Because I have acrophobia, which means I am afraid of being any higher off the ground than the top of my head, I could never imagine being a tree trimmer.
It’s a condition I share with Ralph Serrano, who owns a tree company but is, unlike his brave and acrobatic employees, afraid of heights.
Even though I was standing on terra firma, which is Latin for “the ground you will land on, and then be buried under, if you fall out of a tree,” I was dizzy just watching one of the crew members from Aspen Tree Service of Long Island, New York, who came over recently to trim some dead branches from a couple of big oaks in my backyard.
The man on the flying trapeze was Lucio, a sinewy and fearless 19-year-old who attached a pair of spikes to his boots and breezed up the larger of the trees until he reached a height that would give a squirrel vertigo.
As I jerked my head to look up, which made me not only a jerk but a pain in my own neck, Lucio waved for me to get out of the way. And no wonder: I was standing directly beneath a branch so massive that if it crashed onto my dense skull, I would have had a year’s worth of firewood, the result being that the house would have burned to the ground because, unfortunately, I don’t have a fireplace.
After I had backed safely away, Lucio revved up his chainsaw and started cutting the branch. Sawdust rained from the sky, covering my noggin and giving me a bad case of woody dandruff.
A minute later, the branch fell, its descent slowed to a gentle thud by a rope that was attached and handled by one of the other four crew members.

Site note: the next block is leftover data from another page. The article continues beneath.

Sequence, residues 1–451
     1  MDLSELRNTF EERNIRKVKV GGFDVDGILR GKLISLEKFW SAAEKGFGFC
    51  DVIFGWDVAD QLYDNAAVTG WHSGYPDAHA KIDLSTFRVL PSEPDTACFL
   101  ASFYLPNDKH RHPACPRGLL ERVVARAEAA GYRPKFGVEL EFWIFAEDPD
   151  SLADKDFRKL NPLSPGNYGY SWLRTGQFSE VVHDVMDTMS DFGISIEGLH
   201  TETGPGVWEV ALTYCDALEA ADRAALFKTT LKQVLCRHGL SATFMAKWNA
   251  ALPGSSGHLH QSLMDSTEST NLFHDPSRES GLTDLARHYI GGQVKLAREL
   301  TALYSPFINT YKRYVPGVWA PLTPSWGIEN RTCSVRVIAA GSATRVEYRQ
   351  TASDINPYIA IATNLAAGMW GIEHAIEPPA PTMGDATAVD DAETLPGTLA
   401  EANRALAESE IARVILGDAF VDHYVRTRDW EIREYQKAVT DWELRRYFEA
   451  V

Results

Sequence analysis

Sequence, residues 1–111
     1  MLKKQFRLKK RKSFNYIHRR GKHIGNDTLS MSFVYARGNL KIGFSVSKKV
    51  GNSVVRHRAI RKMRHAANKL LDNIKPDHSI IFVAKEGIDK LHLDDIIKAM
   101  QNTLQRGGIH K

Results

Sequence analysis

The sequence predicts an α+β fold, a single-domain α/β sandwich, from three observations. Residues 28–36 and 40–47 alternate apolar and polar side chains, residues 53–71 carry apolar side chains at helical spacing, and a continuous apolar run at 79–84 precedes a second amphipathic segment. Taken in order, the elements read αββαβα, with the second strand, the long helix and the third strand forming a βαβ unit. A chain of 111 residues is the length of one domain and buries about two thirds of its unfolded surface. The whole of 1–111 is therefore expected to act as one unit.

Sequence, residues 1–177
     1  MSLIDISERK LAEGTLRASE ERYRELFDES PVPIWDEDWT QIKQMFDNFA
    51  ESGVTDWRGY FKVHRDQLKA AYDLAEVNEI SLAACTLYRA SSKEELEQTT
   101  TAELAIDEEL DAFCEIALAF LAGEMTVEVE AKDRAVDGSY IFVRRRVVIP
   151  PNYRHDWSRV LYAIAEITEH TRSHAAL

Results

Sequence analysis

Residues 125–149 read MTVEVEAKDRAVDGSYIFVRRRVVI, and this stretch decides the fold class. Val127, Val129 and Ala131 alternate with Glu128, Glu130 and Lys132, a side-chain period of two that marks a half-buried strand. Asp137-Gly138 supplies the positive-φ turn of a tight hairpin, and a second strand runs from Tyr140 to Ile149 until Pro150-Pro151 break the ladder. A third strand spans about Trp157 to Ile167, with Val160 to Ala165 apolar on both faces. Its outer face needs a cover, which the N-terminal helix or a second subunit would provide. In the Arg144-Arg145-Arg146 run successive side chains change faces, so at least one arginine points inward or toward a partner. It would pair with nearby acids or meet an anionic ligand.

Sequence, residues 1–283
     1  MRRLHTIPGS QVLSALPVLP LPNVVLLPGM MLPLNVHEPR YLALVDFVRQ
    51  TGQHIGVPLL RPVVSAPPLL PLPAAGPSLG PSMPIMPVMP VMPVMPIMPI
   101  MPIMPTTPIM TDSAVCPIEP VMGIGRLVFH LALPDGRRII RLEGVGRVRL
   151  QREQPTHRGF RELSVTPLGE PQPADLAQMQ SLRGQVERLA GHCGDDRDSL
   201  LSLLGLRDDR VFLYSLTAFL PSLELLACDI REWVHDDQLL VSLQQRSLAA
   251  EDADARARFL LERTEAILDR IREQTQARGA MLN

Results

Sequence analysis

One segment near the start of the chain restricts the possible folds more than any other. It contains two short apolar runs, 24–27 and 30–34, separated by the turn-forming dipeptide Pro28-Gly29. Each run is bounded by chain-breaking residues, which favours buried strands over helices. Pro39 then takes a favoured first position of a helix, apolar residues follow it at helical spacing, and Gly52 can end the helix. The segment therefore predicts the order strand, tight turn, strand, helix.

Lucio, a rope around him, too, swung to another branch and then to the adjacent oak, felling more lifeless limbs before gliding back down, a smile on his face and nary a drop of sweat on his brow.
“He’s good,” said Miguel, the foreman of the crew, which cut up the downed limbs.
“Aren’t you afraid to be up so high?” I asked Lucio.
He shook his head and said, “I like it.”
When I met Ralph, I told him that his workers were fantastic.
“They’re braver than I am,” he said. “The first time I saw them go up, I said, ‘You guys are nuts.’ You couldn’t pay me to do that.”
Ralph, who worked for another tree company before founding Aspen 20 years ago, recalled the first time he did a pruning job.
“I started to climb,” he said. “It took me about an hour. The homeowner was staring at me. ‘What are you trying to do?’ he asked. I couldn’t even get up the tree. I had to come back with a regular climber. I was petrified. Now I leave it to my guys to do the job.”
“If tree climbing were an Olympic sport, Lucio would win a gold medal,” I said.
“It’s definitely a circus act,” said Ralph, who’s 57.
“And the height of your profession,” I noted.
Ralph nodded and said, “We have plenty of puns. When people ask how business is, I’ll say, ‘We’re branching out.’ And we always go out on a limb for our customers.”
“You don’t,” I reminded him.
“Not literally,” Ralph said. “But I make sure to give them good service.”
“So you’re not a bump on a log,” I said.
“No,” he replied. “But we do haul logs away. And we offer free wood chips.”
“Is that your stump speech?” I asked.
“Now it is,” Ralph said.
I thanked him for a great job and told him to give Lucio and the other guys a raise.
“When it comes to tree trimming,” I said, “they’re a cut above.”
— Jerry Zezima